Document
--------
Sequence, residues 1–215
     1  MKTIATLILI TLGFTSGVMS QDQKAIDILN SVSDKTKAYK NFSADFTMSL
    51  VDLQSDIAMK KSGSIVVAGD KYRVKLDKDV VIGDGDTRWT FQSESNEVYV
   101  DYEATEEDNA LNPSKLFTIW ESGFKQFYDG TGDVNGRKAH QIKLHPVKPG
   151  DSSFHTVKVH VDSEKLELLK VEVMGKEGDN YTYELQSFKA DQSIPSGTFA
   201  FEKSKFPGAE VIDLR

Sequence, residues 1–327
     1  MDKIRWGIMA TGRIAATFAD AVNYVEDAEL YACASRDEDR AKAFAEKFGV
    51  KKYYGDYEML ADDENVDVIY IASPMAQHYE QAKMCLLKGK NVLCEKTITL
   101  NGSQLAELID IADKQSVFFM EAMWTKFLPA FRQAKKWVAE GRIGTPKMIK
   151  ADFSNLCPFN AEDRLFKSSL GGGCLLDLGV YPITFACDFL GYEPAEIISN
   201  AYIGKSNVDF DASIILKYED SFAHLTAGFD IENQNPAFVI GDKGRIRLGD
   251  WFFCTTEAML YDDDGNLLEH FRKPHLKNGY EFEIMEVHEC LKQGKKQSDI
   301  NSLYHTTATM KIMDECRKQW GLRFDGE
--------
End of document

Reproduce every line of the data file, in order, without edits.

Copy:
Sequence, residues 1–215
     1  MKTIATLILI TLGFTSGVMS QDQKAIDILN SVSDKTKAYK NFSADFTMSL
    51  VDLQSDIAMK KSGSIVVAGD KYRVKLDKDV VIGDGDTRWT FQSESNEVYV
   101  DYEATEEDNA LNPSKLFTIW ESGFKQFYDG TGDVNGRKAH QIKLHPVKPG
   151  DSSFHTVKVH VDSEKLELLK VEVMGKEGDN YTYELQSFKA DQSIPSGTFA
   201  FEKSKFPGAE VIDLR

Sequence, residues 1–327
     1  MDKIRWGIMA TGRIAATFAD AVNYVEDAEL YACASRDEDR AKAFAEKFGV
    51  KKYYGDYEML ADDENVDVIY IASPMAQHYE QAKMCLLKGK NVLCEKTITL
   101  NGSQLAELID IADKQSVFFM EAMWTKFLPA FRQAKKWVAE GRIGTPKMIK
   151  ADFSNLCPFN AEDRLFKSSL GGGCLLDLGV YPITFACDFL GYEPAEIISN
   201  AYIGKSNVDF DASIILKYED SFAHLTAGFD IENQNPAFVI GDKGRIRLGD
   251  WFFCTTEAML YDDDGNLLEH FRKPHLKNGY EFEIMEVHEC LKQGKKQSDI
   301  NSLYHTTATM KIMDECRKQW GLRFDGE